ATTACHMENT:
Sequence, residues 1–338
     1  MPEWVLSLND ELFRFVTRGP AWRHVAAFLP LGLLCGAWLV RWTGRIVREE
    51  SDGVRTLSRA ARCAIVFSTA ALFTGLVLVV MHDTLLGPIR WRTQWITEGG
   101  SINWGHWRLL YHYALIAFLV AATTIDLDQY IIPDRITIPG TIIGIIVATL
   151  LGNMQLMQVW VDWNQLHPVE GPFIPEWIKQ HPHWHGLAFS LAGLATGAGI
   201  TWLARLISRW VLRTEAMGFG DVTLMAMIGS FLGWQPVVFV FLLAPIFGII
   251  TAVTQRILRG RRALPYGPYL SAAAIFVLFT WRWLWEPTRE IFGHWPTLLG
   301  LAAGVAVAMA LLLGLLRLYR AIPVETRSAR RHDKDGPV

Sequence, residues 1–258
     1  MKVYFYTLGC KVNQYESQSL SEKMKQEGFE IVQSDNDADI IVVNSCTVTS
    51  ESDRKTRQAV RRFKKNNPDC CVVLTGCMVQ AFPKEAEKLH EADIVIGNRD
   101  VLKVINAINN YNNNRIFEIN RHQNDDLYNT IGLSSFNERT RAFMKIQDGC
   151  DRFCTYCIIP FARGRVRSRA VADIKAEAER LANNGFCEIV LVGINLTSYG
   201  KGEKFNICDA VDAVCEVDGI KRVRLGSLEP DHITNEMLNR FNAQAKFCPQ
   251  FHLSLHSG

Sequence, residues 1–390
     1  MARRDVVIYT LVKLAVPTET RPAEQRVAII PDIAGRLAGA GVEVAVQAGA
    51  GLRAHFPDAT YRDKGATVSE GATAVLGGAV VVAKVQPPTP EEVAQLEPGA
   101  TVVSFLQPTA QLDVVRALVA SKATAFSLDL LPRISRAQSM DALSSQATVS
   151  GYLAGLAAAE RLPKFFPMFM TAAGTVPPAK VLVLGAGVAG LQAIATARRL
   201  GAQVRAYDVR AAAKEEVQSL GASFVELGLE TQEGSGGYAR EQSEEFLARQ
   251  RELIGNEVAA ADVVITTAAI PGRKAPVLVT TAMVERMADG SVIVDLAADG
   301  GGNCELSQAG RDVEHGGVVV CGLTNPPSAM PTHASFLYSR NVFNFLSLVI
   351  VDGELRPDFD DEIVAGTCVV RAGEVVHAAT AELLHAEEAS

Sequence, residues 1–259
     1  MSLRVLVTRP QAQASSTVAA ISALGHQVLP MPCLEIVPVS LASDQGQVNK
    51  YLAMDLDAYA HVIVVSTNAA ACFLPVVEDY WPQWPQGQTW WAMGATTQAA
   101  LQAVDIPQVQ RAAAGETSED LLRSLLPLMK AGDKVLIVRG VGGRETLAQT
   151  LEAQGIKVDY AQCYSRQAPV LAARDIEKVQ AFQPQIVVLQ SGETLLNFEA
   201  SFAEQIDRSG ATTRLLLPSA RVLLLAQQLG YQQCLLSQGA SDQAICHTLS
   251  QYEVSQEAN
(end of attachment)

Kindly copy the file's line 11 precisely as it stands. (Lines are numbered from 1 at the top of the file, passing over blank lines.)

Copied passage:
    51  ESDRKTRQAV RRFKKNNPDC CVVLTGCMVQ AFPKEAEKLH EADIVIGNRD